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Continuing Medical Education
January 26, 2000

January 26, 2000

JAMA. 2000;283(4):547-548. doi:10.1001/jama.283.4.547
Physicians in the United States, Canada, and Mexico

Physicians with current and valid licenses in the United States, Canada, or Mexico who read any 3 of the selected continuing medical education (CME) articles in this issue of JAMA, complete the CME Evaluation Form, and fax it to the number or mail it to the address at the bottom of the CME Evaluation Form are eligible for category 1 CME credit. There is no charge.

The American Medical Association (AMA) is accredited by the Accreditation Council for Continuing Medical Education to sponsor CME for physicians. The AMA designates this educational activity for up to 1 hour of category 1 CME credit per JAMA issue toward the AMA Physician's Recognition Award (PRA). Each physician should claim for credit only those hours that were actually spent in this educational activity.

Physicians in Other Countries

Physicians with current and valid licenses in the United States, Mexico, or Canada are eligible for CME credit even if they live or practice in other countries. Physicians licensed in other countries are also welcome to participate in this CME activity. However, the PRA is available only to physicians licensed in the United States, Canada, or Mexico.

Earning Credit and the CME Evaluation Form

To earn credit, read 3 of the articles listed below that are designated for CME credit carefully and complete the CME Evaluation Form. The CME Evaluation Form must be submitted within 1 month of the issue date. A certificate awarding 1 hour of category 1 CME credit will be faxed or mailed to you; it is then your responsibility to maintain a record of credit received.

One of our goals is to assess continually the educational needs of our readers so we may enhance the educational effectiveness of JAMA. To achieve this goal, we need your help. You must complete the CME Evaluation Form to receive credit.

Statement of Educational Purpose

JAMA is a general medical journal. Its mission and educational purpose is to promote the science and art of medicine and the betterment of the public health. A flexible curriculum of article topics is developed annually by THE JOURNAL's editorial board and is then supplemented throughout the year with information gained from readers, authors, reviewers, and editors. To accommodate the diversity of practice types within JAMA's readership, the Reader's Choice CME activity allows readers, as adult learners, to determine their own educational needs and to assist the editors in addressing their needs in future issues.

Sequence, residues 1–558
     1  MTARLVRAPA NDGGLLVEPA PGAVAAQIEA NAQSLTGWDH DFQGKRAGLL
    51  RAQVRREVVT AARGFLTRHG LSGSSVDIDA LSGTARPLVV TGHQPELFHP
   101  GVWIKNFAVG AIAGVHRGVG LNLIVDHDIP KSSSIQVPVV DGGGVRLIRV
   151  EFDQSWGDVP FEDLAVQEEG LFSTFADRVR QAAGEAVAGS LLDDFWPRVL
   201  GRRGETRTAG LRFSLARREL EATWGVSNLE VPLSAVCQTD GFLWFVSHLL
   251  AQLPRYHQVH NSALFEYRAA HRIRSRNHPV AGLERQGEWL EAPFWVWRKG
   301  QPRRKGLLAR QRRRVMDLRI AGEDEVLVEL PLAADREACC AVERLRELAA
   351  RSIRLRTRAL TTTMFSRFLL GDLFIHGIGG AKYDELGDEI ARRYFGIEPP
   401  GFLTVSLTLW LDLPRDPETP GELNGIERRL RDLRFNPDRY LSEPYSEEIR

Readers of JAMA should be able to attain the following educational objectives: (1) select and read at least 3 articles in 1 issue to gain new medical information on topics of particular interest to them as physicians, (2) assess the articles' value to them as practicing physicians, and (3) think carefully about how this new information may influence their own practices. The educational objective for each CME article is given after the article title below.

CME Articles in This Issue of JAMA

The following articles in this issue may be read for CME credit:

Treatment Selection in Ductal Carcinoma In SituArticle

Educational Objective: To learn current treatment options for ductal carcinoma in situ of the breast.

Menopausal Estrogen and Estrogen-Progestin Replacement Therapy and Breast Cancer RiskArticle

Educational Objective: To compare the risk of breast cancer for 2 hormone replacement regimens.

Nucleoside Analogs Plus Ritonavir in Stable Antiretroviral Therapy–Experienced HIV-Infected Children: A Randomized Controlled TrialArticle

Educational Objective: To compare maintenance regimens for HIV-infected children.

Impact of Respiratory Virus Infections on Persons With Chronic Underlying ConditionsArticle

Educational Objective: To understand that hospitalized patients with chronic lung disease often have respiratory virus infections.

Mental Disorders and Use of Cardiovascular Procedures After Myocardial InfarctionArticle

Educational Objective: To learn that patients with mental disorders may be less likely to have coronary revascularization procedures.

Quality of the Last Year of Life of Older Adults: 1986 vs 1993Article

Educational Objective: To learn that quality of life may be improving for people surviving to age 85.

Recommendations to Guide Revision of theGuides to the Evaluation of Permanent ImpairmentArticle

Educational Objective: To learn how a system for rating permanent impairments can be improved.

A 55-Year-Old Woman With Rheumatoid ArthritisArticle

Educational Objective: To learn the problems patients face with, and current treatments for, rheumatoid arthritis.

After reading 3 of these articles, complete the CME Evaluation Form.